They said they hoped for schools that could raise achievement by 50%, where they can create an "open, creative learning environment." But they questioned whether they will get paid for extra work and worried about whether their actions would be fairly judged.
Those were among the many issues raised Thursday by 150 representatives from 39 Los Angeles Unified School District campuses that have overwhelmingly endorsed the LEARN reform plan. Before the schools are formally inducted into the program May 17, principals, teachers and parents came together for a final briefing to double-check their commitment.
They were praised as the "risk takers," the pioneers who will be charged with leading the way as the nation's second-largest school district undertakes one of the most ambitious public school reform movements ever attempted.
"There are all kinds of reasons that we shouldn't be here, but I want to tell you how very proud I am that you are here," said Supt. Sid Thompson. "You are going to cause change in this district, you are going to change the behavior in your schools. And I am guaranteeing you changes in the central office structure."
The 39 schools are among 100 that initially applied to test the first phase of the LEARN reforms, which call for shifting more authority to local schools and principals while strengthening accountability. Most of the schools withdrew because of weak support by teachers. Last week, leaders of United Teachers-Los Angeles, the powerful teachers union, voted to oppose the reform plan unless it is modified to strengthen teacher power.
Officials of LEARN (Los Angeles Educational Alliance for Restructuring Now), a civic and business-backed group, had sought to launch the program in several clusters of schools, each including a high school and the elementary and middle schools that feed into it. The list of 39 finalists has 29 elementary schools, no high schools and few South-Central or East Los Angeles campuses.
The vote by the teachers union's House of Representatives represented the first significant obstacle to the LEARN plan and was symbolic of the deep animosity between many teachers and administrators in the district.
But Thursday's meeting was dominated by upbeat talk and a determination to succeed.
"We are ready for change, we will be better with change and we are tired of the old antiquated ideas in this district," said Faye Armstrong, a teacher at Hillcrest Elementary School. "It was important for us to get in on the ground floor. We didn't want to miss out on anything for our kids."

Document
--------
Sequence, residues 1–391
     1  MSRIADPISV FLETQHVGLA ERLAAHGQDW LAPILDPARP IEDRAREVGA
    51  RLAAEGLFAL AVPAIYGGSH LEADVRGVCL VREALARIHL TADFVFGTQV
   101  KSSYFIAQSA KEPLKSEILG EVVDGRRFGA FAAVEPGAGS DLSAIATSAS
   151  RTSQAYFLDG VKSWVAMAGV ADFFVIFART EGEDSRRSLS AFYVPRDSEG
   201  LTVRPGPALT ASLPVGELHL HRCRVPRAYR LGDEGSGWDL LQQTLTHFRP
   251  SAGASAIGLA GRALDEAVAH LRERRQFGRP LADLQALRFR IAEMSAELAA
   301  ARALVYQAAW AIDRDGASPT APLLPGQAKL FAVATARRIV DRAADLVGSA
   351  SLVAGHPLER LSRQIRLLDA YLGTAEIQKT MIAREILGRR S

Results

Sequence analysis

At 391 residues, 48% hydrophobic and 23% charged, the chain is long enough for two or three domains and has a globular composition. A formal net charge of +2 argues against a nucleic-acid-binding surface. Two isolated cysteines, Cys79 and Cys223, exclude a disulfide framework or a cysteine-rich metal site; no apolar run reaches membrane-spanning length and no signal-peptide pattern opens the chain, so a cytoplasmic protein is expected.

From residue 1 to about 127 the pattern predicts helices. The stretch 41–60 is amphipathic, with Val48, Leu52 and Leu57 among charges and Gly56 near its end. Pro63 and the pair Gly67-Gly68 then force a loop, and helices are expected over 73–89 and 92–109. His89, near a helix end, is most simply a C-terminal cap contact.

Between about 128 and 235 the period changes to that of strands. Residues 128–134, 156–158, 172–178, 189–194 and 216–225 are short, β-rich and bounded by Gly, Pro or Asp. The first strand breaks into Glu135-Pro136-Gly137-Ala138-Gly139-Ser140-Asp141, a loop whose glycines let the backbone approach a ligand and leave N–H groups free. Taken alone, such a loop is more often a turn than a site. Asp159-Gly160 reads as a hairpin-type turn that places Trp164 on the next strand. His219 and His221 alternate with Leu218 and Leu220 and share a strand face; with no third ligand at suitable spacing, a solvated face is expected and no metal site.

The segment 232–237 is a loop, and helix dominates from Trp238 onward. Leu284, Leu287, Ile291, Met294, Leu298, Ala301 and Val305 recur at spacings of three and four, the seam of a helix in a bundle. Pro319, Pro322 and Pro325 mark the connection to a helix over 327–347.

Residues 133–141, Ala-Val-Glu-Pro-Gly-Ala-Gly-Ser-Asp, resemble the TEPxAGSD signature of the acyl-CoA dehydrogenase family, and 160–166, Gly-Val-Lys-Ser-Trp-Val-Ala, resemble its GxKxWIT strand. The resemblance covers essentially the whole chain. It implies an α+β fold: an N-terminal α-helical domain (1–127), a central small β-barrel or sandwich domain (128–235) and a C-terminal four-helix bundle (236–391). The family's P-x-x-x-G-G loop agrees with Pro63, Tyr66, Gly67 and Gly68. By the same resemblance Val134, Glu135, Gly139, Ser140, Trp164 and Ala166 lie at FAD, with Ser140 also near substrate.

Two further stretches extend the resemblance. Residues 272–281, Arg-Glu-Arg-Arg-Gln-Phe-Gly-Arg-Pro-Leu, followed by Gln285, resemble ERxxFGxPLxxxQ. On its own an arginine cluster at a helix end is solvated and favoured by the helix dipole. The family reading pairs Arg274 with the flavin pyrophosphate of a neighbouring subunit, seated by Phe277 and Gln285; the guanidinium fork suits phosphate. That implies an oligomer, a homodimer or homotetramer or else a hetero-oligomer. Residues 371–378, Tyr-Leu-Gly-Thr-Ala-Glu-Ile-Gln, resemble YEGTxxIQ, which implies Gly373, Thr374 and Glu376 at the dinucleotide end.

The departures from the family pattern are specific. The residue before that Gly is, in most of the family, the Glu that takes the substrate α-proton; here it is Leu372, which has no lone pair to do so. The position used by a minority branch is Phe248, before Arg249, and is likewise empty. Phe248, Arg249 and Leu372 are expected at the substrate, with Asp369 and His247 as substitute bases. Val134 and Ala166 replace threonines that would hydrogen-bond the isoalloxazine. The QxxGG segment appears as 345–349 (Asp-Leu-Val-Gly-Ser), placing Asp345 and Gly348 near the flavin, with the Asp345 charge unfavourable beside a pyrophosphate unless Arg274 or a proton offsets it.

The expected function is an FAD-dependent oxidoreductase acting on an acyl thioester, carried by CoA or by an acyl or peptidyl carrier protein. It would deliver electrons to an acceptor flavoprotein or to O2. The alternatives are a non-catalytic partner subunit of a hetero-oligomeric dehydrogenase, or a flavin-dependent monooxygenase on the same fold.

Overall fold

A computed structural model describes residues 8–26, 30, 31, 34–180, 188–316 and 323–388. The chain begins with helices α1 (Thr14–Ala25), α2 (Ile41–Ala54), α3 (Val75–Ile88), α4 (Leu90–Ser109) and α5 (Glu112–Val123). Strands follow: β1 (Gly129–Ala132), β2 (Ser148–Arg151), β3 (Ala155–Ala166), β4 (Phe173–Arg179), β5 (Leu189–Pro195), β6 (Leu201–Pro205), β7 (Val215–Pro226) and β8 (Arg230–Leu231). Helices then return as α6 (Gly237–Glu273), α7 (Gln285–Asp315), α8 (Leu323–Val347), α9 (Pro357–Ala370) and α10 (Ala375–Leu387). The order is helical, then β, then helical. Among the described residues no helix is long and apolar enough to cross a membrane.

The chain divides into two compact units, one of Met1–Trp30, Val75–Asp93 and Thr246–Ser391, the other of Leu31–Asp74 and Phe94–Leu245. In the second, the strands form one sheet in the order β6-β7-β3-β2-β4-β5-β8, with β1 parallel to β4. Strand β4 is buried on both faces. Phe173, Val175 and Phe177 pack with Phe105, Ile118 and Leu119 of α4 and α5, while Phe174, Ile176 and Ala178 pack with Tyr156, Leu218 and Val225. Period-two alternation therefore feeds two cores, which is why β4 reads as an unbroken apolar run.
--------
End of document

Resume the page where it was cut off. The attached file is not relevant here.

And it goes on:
Virgil Roberts, a LEARN executive board member and businessman, acknowledged that the reform plan purposely lacks details to leave room for schools to tailor changes to their needs.
"Just as the Constitution of the United States does not contain all the rules and laws of the country, LEARN does not contain all the answers to your questions today," Roberts said.
It was the plan's vagueness that troubled many of the teachers union leaders who voted against the reforms. Having just received final ratification of a bitterly negotiated contract that included a cumulative 10% pay cut and several significant teacher empowerment issues, most were wary of endorsing a reform plan that gives principals more authority.
Union President Helen Bernstein had asked that schools not be allowed to participate in LEARN unless 75% of teachers at the campus agreed, contending that anything less would undermine their chances of success. At the request of LEARN officials, she visited many schools in the days before the April 23 application deadline to answer questions about the program.
Union Vice President Day Higuchi, who helped devise the LEARN plan, told the group Thursday that he believes the concern raised over the potential erosion of teachers' contract rights in the reform plan "is a non-issue. . . . The contract is signed."
Higuchi said that teachers can waive certain provisions of the contract if they follow a detailed union process.
The official union position against LEARN has caused a significant public relations problem for the plan. Leaders are concerned that the public will see it as another example of the mammoth district's inability to solve problems.
Roberts, however, pointed out that fewer than 200 of the union leaders opposed the plan, and there are more than 27,000 union members. He said launching the program with fully committed schools is the top priority and the only way to persuade naysayers that the district can be successfully overhauled.
Officials said that persuading teachers and parents from urban campuses will be the long-term challenge for LEARN.
In those schools already burdened by overcrowded classrooms, needy students and the most deteriorated campus facilities, there is often little energy to take on a new challenge, educators said.
"The more affluent are always the ones on top of the best things," Roberts said. "They are more educated, not afraid of the institution. Part of the fiduciary duty of LEARN will be to look out for the poor."
(San Fernando Valley Edition) Proposed LEARN Schools Of the 100 Los Angeles Unified School District campuses that initially volunteered to participate in the first phase of the LEARN program, 19 San Fernando Valley schools are likely to be approved by the Board of Education on May 17. They are: ELEMENTARY Anatola Avenue, Van Nuys Apperson Street, Sunland Calvert Street, Woodland Hills Carpenter Avenue, Studio City Fernangeles, Sun Valley Lemay St. Children's Cntr, Van Nuys Lemay Street, Van Nuys Maclay Primary Center, Pacoima Morningside, San Fernando Roscoe, Sun Valley San Fernando, San Fernando Serrania Avenue, Woodland Hills Sunland, Sunland Topanga, Topanga Van Gogh, Granada Hills Welby Way and Magnet, Canoga Park Woodland Hills, Woodland Hills MIDDLE SCHOOLS Parkman, Woodland Hills Patrick Henry, Granada Hills